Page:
MIAMI — Miami-Dade County received about half a billion dollars from Medicare in home health care payments intended for the sickest patients in 2008, which is more than the rest of the country combined, according to a report released Monday.
The county accounted for a little more than half the country's claims even though only 2 percent of those patients receiving home health care live here, according to a report by the Department of Health and Human Services Office of Inspector General.
Authorities say it's just another example of Medicare fraud from the county that accounts for more than $3 billion a year in false claims. In some cases, agencies have billed Medicare for home health services for homeless people. In other cases, home health aides visited patients multiple times a day and did little more than house cleaning.
Unlike nurses, critics say the training for aides is minimal in many cases.
"The aide becomes a maid," said Cecilia Franco, the Miami field director for the Centers for Medicare and Medicaid Services. "Instead of helping patients take a bath, they go to the supermarket for them, they clean the clothes."
A large percentage of the patients are diabetics who claim they are blind and bill Medicare for a day and night nurse to give insulin shots.
"What we're finding in a lot of the cases is the patients don't even have diabetes and certainly aren't blind," said Kirk Ogrosky, who heads the Medicare Fraud Strike Force across the United States for the Department of Justice.
Medicare outlier payments for home health care related to diabetes in Miami was eight times the national average, according to the report.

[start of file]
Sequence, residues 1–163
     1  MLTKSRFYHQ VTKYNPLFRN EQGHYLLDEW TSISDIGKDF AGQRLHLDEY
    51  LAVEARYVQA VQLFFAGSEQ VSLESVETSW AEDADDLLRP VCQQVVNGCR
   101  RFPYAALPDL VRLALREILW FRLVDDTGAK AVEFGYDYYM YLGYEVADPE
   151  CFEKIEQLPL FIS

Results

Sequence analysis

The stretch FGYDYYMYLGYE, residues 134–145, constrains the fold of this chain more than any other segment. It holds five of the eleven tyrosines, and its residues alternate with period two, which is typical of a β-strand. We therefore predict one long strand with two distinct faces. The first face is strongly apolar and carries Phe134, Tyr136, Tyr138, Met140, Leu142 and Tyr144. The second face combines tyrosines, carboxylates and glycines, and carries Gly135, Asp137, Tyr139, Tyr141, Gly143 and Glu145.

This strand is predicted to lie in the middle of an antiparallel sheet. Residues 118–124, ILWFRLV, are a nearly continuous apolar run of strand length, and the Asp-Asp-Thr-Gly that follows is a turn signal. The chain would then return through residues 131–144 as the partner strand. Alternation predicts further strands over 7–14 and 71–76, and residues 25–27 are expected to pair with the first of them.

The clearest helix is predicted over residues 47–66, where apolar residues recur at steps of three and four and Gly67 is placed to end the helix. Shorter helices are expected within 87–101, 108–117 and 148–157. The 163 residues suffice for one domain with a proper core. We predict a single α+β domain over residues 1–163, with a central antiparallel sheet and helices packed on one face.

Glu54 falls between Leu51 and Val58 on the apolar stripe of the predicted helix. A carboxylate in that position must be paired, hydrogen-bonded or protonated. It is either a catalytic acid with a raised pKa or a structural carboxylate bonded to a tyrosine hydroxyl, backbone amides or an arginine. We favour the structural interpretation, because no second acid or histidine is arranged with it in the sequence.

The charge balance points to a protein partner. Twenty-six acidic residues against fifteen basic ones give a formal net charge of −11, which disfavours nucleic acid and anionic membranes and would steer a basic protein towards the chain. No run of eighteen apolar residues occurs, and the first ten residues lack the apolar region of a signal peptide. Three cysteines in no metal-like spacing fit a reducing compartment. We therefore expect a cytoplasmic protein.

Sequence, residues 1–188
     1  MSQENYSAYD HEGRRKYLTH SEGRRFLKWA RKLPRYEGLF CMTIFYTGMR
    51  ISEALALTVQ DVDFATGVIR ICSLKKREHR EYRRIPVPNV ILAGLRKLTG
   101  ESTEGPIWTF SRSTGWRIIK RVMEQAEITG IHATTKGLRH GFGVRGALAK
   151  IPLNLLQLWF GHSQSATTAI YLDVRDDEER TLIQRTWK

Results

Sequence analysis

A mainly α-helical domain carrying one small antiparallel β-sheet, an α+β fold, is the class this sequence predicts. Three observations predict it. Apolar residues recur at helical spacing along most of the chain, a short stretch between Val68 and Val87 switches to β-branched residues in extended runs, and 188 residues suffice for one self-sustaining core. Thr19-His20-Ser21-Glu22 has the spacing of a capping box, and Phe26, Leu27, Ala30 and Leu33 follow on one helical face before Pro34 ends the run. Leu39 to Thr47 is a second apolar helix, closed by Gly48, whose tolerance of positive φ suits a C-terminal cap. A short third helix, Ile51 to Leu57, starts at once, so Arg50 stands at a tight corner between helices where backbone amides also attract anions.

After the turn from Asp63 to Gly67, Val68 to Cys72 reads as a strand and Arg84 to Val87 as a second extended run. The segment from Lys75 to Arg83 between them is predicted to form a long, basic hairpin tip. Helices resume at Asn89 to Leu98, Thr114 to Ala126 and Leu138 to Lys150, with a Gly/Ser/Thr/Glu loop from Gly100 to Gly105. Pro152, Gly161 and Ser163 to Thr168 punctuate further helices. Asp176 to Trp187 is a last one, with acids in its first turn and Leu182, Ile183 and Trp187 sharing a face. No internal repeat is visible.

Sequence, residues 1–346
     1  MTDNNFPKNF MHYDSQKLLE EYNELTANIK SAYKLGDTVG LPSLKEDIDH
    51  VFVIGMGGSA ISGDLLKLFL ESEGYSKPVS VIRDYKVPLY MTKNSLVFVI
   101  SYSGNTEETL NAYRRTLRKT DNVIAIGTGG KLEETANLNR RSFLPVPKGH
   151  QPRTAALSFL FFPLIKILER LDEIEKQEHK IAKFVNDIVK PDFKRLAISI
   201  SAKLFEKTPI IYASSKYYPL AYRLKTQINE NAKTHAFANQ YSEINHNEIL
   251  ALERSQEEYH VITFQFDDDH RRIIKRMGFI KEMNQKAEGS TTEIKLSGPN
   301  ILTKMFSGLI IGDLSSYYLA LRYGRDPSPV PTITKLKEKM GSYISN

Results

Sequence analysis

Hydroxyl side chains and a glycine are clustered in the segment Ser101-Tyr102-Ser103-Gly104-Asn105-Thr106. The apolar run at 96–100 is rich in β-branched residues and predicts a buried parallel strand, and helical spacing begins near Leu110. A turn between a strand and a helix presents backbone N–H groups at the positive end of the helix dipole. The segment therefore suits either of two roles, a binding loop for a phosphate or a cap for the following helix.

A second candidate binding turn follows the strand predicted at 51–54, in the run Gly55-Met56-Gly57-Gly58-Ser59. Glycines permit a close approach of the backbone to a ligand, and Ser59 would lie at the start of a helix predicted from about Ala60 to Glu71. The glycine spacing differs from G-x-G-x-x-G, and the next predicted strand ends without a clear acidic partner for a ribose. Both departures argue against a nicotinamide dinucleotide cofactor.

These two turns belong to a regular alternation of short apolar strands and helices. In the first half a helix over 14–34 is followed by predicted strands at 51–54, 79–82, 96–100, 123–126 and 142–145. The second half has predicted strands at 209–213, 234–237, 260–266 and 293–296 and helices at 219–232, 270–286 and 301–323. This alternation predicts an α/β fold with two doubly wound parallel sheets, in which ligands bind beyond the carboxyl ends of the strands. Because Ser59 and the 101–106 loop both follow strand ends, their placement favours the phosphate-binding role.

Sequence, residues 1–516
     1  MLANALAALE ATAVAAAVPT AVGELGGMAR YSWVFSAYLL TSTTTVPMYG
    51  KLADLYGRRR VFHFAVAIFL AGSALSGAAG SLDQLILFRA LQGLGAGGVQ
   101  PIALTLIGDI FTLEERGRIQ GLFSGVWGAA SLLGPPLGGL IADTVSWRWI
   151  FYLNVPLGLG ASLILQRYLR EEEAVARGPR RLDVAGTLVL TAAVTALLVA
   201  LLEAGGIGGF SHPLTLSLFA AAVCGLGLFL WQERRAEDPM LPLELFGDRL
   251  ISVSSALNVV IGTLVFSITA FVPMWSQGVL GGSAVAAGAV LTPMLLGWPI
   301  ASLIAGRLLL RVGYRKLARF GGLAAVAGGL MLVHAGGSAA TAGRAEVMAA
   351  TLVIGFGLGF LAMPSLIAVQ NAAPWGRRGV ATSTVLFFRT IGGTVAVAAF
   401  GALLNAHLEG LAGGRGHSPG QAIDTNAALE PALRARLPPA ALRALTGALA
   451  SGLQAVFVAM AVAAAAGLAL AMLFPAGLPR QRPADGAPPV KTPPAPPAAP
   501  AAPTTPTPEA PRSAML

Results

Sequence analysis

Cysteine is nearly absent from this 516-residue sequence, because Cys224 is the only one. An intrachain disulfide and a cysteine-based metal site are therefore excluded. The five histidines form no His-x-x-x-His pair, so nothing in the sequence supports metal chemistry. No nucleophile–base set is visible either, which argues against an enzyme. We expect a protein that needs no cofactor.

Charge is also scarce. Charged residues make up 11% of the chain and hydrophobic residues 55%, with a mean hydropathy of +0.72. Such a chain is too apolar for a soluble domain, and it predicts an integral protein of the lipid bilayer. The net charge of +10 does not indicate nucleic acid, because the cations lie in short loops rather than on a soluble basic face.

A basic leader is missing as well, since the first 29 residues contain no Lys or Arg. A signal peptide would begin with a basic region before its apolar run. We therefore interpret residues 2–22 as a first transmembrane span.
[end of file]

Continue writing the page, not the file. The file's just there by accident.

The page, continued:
In many cases, authorities say Medicare is billed for services that are never provided. Patients are paid between $700 and $1,400 a month in cash as part of the scam. In one government-subsidized apartment building in Miami, many people billing for home health care services had large plasma-screen TVs — believed to be payment for their participation.
In one Medicare scam, prosecutors charged eight Miami suspects with bilking $22 million from the system. They were accused of recruiting patients for services that were unnecessary, and even faking medical tests to prove they were entitled to the payments.
Authorities say Miami scammers have tapped into "outlier payments" reserved for extremely sick patients. When a health care provider bills for more services like occupational therapy and mental health services, it is granted outlier status and can almost double the amount of Medicare reimbursements it receives
The Centers for Medicare and Medicaid Services doesn't limit how much the agencies can be paid for those extra services, make it an easy target for fraud. It will start capping those payments in 2010 in an effort to curb phony payments.